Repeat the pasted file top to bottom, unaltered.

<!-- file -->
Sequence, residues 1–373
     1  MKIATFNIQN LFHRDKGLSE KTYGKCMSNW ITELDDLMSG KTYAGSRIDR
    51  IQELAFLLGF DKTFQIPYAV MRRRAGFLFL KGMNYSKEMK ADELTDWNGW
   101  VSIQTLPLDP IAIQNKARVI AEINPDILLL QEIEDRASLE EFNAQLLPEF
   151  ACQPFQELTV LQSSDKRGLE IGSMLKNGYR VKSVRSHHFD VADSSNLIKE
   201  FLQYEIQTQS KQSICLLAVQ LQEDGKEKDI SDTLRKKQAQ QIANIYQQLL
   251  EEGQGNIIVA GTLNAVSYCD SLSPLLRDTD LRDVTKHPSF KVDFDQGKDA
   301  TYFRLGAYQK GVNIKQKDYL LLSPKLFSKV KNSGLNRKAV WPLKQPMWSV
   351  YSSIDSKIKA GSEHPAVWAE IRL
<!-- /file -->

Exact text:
Sequence, residues 1–373
     1  MKIATFNIQN LFHRDKGLSE KTYGKCMSNW ITELDDLMSG KTYAGSRIDR
    51  IQELAFLLGF DKTFQIPYAV MRRRAGFLFL KGMNYSKEMK ADELTDWNGW
   101  VSIQTLPLDP IAIQNKARVI AEINPDILLL QEIEDRASLE EFNAQLLPEF
   151  ACQPFQELTV LQSSDKRGLE IGSMLKNGYR VKSVRSHHFD VADSSNLIKE
   201  FLQYEIQTQS KQSICLLAVQ LQEDGKEKDI SDTLRKKQAQ QIANIYQQLL
   251  EEGQGNIIVA GTLNAVSYCD SLSPLLRDTD LRDVTKHPSF KVDFDQGKDA
   301  TYFRLGAYQK GVNIKQKDYL LLSPKLFSKV KNSGLNRKAV WPLKQPMWSV
   351  YSSIDSKIKA GSEHPAVWAE IRL